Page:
Even with proposed reductions, including 1,400 planned layoffs, CPS says it will be $500 million in the red for the coming school year. Financial woes made it necessary to make the cuts proposed for the coming school, district officials say. Those reductions which represent a decline in spending from last school years actual expenditures arent being felt by charter schools, however. In fact, charter schools are seeing more money for special education, the proposed budget shows.

Chicago schools officials note that projected budgets can vary widely from what is eventually spent on schools in a given year due to unforeseen revenue from government grants and other sources. The officials also struggle to explain why charters are being spared drastic cuts seen at traditional educational institutions.

CPS funds charter schools but allows them to be managed by private operators, a system thats been controversial from the standpoint of transparency and political connections. The Emanuel administration plans to pump almost $640 million into charter and similar privately run public schools this year roughly $11 million more than last school year to serve a projected additional 2,700 students.

Meanwhile, neighborhood and magnet schools which make up the vast majority of CPS are scheduled to get $2.9 billion, a $146 million reduction compared with what was spent last school year.

That reduction in dollars to neighborhood schools is far greater than a loss of 4,000 students would indicate under the current funding policy. A final budget is expected to be approved by Aug. 26. (Three public hearings are scheduled to be held Tuesday, Aug. 18.)

Gregory Principal Donella Carter questions why her budget is being cut so much, despite projections that shell get more students.

Carter said she is still trying to figure out how she will deal with it, but is thinking it might include reducing staff and cutting after-school programs, including sports.

Carter said she is hoping that some other funding will come through. "I am hoping for some good news," she said.

CPS Chief Financial Officer Ginger Ostro told Board of Education members in July that the formula used to distribute money is complicated and cannot be explained through simple math.

"We have many different models through which we distribute funding to schools," Ostro said.

For years, charter school operators and advocates maintained they were not adequately funded and have successfully pushed CPS to increase their funding.

"We are getting close to parity," Illinois Network of Charter Schools President Andrew Broy said.

But he said that charters still want more money to help pay for facility costs.

Kennedy High School Principal George Szkapiak sees things differently: Charter schools are gaining at the expense of traditional schools, he said.

It is "critically important" to get a handle on how money is being distributed between the different categories of schools, said Szkapiak, who has fought attempts to locate a new charter school near Kennedy on the Southwest Side.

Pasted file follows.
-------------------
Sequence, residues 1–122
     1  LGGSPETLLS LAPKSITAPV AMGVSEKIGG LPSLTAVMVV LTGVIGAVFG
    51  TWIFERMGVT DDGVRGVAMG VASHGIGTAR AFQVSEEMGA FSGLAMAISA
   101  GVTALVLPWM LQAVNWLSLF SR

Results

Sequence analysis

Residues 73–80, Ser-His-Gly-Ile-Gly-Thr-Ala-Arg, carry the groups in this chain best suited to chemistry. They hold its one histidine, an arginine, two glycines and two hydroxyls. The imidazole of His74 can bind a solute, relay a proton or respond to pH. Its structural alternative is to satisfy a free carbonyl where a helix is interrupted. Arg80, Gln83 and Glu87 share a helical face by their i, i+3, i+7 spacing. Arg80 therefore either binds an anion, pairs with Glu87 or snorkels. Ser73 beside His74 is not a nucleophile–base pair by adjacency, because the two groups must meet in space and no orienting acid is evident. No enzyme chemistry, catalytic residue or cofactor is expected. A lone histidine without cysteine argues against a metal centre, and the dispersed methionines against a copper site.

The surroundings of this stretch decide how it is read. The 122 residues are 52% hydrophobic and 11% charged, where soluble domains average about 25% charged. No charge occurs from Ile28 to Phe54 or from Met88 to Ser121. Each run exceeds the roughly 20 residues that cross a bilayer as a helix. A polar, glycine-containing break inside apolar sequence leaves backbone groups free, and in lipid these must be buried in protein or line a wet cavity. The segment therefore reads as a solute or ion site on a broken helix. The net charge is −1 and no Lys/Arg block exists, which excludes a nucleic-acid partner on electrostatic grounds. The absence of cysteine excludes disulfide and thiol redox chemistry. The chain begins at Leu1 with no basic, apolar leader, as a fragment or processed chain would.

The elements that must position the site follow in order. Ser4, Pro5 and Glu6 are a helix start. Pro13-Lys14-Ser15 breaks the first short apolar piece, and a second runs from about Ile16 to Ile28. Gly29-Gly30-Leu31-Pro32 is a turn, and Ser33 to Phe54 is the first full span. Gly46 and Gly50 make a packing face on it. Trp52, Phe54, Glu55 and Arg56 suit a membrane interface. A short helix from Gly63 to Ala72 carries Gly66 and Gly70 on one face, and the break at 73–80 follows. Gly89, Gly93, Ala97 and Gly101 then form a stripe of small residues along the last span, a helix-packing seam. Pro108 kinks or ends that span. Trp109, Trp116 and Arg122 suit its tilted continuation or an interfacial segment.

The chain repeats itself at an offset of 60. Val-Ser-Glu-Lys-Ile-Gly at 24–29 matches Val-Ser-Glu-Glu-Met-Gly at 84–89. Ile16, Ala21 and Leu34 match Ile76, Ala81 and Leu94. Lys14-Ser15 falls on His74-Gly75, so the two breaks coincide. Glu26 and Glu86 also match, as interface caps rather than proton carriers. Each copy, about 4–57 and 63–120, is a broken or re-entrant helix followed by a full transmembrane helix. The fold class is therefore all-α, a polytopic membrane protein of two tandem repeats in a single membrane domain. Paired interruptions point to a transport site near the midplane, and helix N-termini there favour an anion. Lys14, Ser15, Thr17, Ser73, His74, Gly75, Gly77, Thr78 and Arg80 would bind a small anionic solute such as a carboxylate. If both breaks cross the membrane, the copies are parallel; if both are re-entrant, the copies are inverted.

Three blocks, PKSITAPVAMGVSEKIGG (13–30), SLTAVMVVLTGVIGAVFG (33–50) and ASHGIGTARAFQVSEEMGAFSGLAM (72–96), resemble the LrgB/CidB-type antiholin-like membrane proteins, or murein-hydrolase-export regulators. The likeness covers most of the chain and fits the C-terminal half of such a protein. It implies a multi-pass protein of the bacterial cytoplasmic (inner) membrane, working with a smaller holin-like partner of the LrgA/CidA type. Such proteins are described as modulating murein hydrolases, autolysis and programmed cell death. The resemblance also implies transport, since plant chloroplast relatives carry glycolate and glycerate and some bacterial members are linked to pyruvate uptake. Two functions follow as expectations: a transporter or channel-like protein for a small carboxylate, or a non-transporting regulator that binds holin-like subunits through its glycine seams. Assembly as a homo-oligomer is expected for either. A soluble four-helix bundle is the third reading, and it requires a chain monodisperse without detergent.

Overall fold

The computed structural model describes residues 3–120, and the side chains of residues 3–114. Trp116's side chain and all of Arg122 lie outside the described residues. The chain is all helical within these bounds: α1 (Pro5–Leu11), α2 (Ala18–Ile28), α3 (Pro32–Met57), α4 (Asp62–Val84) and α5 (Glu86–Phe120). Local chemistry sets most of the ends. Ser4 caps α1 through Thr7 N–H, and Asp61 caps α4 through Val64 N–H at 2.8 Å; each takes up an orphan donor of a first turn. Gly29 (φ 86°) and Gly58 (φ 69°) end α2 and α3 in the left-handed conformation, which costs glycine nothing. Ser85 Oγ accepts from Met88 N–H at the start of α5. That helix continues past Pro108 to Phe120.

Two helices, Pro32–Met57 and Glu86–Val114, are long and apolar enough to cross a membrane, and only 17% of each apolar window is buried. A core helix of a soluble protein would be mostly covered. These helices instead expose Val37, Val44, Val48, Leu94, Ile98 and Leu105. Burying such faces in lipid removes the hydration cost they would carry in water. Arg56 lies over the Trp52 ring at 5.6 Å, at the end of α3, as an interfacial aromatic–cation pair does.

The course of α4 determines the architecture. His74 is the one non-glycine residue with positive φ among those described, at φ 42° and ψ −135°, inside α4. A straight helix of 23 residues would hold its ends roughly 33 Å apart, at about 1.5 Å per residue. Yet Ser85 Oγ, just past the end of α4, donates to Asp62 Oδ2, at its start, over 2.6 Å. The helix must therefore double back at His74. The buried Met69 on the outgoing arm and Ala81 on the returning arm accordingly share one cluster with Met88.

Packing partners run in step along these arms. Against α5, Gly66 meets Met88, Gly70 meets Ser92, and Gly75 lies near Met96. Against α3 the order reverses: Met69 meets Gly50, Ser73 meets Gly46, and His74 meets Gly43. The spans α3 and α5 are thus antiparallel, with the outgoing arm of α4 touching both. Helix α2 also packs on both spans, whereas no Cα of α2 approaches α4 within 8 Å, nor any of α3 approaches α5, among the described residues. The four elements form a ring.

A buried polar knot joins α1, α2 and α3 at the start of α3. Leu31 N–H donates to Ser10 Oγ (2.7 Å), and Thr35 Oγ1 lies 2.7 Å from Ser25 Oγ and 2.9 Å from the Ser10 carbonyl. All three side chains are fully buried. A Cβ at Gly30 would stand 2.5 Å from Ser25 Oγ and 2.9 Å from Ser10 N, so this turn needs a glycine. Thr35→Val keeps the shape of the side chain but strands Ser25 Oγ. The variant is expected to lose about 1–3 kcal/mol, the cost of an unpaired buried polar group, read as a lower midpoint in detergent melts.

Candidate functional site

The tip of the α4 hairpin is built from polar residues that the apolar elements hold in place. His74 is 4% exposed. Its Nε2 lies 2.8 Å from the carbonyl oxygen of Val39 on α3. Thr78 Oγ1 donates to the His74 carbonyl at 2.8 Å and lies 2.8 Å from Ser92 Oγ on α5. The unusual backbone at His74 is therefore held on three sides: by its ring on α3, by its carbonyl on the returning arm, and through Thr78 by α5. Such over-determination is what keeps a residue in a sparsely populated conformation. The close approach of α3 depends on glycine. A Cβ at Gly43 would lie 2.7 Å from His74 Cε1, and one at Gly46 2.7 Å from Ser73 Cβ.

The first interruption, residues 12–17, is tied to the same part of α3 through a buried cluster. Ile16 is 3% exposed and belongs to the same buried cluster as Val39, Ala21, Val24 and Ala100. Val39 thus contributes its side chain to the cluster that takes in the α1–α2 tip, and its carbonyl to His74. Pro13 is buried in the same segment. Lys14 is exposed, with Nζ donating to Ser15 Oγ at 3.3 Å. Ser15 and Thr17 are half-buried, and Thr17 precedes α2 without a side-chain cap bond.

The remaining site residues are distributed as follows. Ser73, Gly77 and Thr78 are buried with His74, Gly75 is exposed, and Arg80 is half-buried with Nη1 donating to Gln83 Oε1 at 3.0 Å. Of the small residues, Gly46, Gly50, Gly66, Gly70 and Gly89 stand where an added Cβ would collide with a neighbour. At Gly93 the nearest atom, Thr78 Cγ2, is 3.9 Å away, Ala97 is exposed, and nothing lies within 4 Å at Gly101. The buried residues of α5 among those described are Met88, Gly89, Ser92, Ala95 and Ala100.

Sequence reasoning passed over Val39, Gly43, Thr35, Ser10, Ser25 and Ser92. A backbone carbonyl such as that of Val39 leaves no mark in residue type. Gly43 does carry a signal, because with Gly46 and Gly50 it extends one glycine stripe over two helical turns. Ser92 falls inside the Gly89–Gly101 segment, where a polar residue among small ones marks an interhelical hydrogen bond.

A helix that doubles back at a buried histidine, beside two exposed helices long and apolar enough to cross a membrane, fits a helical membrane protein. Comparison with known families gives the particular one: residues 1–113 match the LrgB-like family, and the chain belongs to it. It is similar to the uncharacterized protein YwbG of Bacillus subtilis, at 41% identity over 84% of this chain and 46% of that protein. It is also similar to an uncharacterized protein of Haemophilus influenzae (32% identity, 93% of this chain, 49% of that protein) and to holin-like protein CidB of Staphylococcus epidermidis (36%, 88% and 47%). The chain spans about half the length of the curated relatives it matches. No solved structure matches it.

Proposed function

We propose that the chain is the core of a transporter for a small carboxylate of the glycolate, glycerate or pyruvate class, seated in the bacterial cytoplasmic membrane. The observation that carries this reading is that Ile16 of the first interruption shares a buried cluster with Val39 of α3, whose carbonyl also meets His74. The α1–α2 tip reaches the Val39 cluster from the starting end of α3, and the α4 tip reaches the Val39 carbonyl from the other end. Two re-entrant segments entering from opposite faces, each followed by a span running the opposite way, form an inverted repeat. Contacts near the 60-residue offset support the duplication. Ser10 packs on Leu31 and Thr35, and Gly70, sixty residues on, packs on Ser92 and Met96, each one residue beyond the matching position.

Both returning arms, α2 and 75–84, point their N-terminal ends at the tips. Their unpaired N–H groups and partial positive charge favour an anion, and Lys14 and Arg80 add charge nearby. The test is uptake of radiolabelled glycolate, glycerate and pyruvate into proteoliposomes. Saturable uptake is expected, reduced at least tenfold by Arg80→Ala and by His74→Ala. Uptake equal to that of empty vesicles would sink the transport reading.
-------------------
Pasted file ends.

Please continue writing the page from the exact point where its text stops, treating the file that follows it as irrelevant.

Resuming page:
Kennedy is projected to get 46 more students this school year and yet it is budgeted for $15.4 million, a $304,000 cut from last school year.

"What happens when neighborhood schools take cuts? Is education enriched or diminished? It is diminished," he said.

This column a regular feature called The Public Eye, appearing in the Chicago Sun-Times was written and reported by the Better Government Associations Sarah Karp, who can be reached at (312) 525-3483 or


Sunday Letters: BGA column on charter schools flawed


A column published in the Sun-Times this week from the Better Government Association uses faulty math to make wild and inaccurate generalizations about charter and neighborhood school funding.

The story makes apples to oranges comparisons between a charter and neighborhood school, and erroneously concludes a wide disparity in funding. In reality, the two schools are of similar size and budgets. The charter school (Polaris), with 432 students, has a budget of $4.32 million, while the district-run school (Gregory) has a budget of $4.28 million with 422 students, a gain of $400,000 from this point last year.

Using flawed analysis, the story also falsely claims that neighborhood schools citywide will receive $146 million less than last year.

Moreover, the story falsely implies that CPS is favoring charters over other public schools. In truth, funding is increasing at both neighborhood and charter schools experiencing rising enrollment and declining at schools with fewer enrolling students. Parents are making choices between types of public schools and the funding is following the students. With a billion-dollar budget deficit, thanks to pension mandates and cuts in state education funding, this is the most practical and fair way to apportion a fixed pot of available dollars. Other supplemental funds are available to schools with severe enrollment declines.

This also means that when CPS provides resources directly to neighborhood schools such as a building, administrators, security comparable funds are provided to our public school charters. In addition, when more children from low-income families attend a school, they receive more federal aid.

School by school funding data is easily available to any member of the public. In fact, Chicago Public Schools has a transparent and navigable database of school spending information online so that any member of the public can evaluate the data themselves at

Forrest Claypool, CPS CEO